De-Constructing Dahl

By Hixon, Martha | Marvels & Tales, July 1, 2018 | Go to article overview

De-Constructing Dahl


Hixon, Martha, Marvels & Tales


De-constructing Dahl. By Laura Viñas Valle, Cambridge Scholars Publishing, 2016, 192 pp.

The point of Deconstructing Dahl, the author states, is to extend the coverage of current scholarship on Dahl by "mov[ing] away from the author and the reader so as to focus on the critical context, the texts and paratexts that make up the packaging of 'Dahl'" (4). In pursuit of her goal, Laura Viñas Valle's monograph is divided into three main chapters. Chapter 1 is intended to "offer the first thorough overview of the criticism and the language employed to discuss Dahl since the 70s, the difficulties that using such language entails and how it still permeates current criticism," and thus take the essays in the most recent book on Dahl, Roald Dahl (2012), edited by Catherine Butler and Anne Alston, a step further (3). Chapter 2, Valle says, extends the work done by Alan Warren (Roald Dahl, from the Gremlins to the Chocolate Factory, 1988) and Mark West (Roald Dahl, 1992) on the entire canon of Dahl's works, both for children and for adults, by "drawing comparisons and contrasts and exploring the common traits and patterns that bring his whole work together," looking in particular at "how Dahl understands 'children' and 'childhood' and, therefore, how he constructs his children's books as 'children's literature' in contrast to his 'adult stories'" (3). In chapter 3, using Gerard Genette's theories regarding paratexts and drawing from such things as letters and editorial correspondences, as well as extraliterary materials such as illustrations and book covers, promotional materials, and reviewer comments, Valle examines such aspects of the Dahl canon as marketing strategies, editing decisions about audiences, and "how his publishing house and allies contribute to mediate and sustain the Dahl public persona" (4). The very brief introduction and epilogue merely reiterate the purposes of the book, and an extensive works cited listing of primary and secondary sources, plus an index, round out the monograph.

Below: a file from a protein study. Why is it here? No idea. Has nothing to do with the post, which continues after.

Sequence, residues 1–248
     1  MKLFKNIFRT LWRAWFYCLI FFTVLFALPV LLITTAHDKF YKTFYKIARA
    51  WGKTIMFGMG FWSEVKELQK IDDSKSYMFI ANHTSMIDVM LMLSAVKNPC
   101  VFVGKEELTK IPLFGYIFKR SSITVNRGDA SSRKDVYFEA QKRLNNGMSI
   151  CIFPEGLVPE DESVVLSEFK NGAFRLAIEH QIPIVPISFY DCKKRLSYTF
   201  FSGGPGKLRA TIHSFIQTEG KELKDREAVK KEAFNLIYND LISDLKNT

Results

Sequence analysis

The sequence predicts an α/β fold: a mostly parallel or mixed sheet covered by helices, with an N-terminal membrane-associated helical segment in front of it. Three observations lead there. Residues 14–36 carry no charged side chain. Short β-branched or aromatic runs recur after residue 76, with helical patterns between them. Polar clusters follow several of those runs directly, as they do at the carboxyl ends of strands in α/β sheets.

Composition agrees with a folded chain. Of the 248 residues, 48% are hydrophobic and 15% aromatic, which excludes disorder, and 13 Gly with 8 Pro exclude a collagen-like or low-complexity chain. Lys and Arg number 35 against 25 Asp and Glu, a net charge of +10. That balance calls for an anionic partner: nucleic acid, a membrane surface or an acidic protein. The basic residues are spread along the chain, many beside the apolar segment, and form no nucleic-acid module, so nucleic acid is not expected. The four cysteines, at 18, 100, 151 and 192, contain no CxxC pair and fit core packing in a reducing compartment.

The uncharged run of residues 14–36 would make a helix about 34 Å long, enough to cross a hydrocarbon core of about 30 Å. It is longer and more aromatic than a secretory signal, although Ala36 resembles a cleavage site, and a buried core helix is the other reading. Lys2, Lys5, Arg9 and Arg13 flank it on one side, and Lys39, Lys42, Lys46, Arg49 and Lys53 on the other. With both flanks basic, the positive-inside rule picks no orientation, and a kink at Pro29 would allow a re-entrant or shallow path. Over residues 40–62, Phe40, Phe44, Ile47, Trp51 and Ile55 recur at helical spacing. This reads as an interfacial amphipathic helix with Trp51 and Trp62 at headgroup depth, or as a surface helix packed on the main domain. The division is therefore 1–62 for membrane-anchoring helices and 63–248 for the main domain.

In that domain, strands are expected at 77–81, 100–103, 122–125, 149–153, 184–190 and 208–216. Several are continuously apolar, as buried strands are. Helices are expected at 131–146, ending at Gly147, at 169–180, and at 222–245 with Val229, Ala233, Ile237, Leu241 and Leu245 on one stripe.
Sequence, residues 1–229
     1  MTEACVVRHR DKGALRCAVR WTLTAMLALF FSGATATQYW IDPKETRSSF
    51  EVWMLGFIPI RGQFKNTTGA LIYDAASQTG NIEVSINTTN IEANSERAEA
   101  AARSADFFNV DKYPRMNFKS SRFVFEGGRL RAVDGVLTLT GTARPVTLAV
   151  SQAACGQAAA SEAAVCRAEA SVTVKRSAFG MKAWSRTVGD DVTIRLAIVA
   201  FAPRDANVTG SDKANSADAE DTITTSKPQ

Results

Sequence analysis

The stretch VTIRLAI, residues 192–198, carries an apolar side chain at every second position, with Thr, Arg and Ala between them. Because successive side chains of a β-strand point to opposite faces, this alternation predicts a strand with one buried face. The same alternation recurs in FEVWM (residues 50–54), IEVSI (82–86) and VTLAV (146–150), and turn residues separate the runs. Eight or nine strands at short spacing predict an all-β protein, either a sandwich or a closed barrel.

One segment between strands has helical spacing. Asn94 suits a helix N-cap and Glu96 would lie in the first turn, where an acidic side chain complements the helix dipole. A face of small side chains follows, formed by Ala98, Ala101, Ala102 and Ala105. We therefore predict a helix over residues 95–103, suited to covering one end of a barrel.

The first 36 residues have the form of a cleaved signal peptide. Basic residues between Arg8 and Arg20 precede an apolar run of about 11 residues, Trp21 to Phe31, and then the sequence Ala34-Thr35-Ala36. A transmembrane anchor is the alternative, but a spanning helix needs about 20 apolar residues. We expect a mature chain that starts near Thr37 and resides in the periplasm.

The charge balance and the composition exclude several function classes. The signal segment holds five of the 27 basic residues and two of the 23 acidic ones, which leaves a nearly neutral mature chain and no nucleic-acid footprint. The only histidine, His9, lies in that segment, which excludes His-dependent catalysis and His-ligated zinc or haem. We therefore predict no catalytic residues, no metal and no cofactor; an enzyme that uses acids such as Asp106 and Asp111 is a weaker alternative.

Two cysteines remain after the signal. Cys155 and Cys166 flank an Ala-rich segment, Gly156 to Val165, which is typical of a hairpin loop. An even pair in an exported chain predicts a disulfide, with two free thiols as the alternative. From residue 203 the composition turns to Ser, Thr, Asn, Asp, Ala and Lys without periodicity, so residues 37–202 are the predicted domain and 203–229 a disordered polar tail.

Valle is correct in her observation that there is surprisingly little scholarship on such a significant and popular children's author, so any new academic study of Dahl is a welcome addition to Dahl scholarship. Her decision to examine his total body of work through the dual lens of various conceptions of "childhood" and of marketing is a different and potentially useful approach. Yet, there are serious limitations to this study. Two are the length and organization of the book. As the foregoing summary indicates, there are only three main chapters (which are quite broad in scope), plus the very brief introduction and epilogue; the entire book, from front matter to the end of the index and including the fifteen pages of works cited listings, is less than 200 pages, and that is not enough to do more than begin to "deconstruct" Dahl from the various perspectives that Valle identifies as within her purview. Furthermore, chapter 1, the longest chapter of the three, is little more than a review of the scholarly literature, a common strategy with which to begin a dissertation on a particular subject, but not so common for an academic study that is a step past that. (De-constructing Dahl is a revised version of Valle's 2004 doctoral dissertation, according to her acknowledgments.) Her stated purpose in providing such a review is to examine the underlying predetermined biases and approaches of the critics through their language. …

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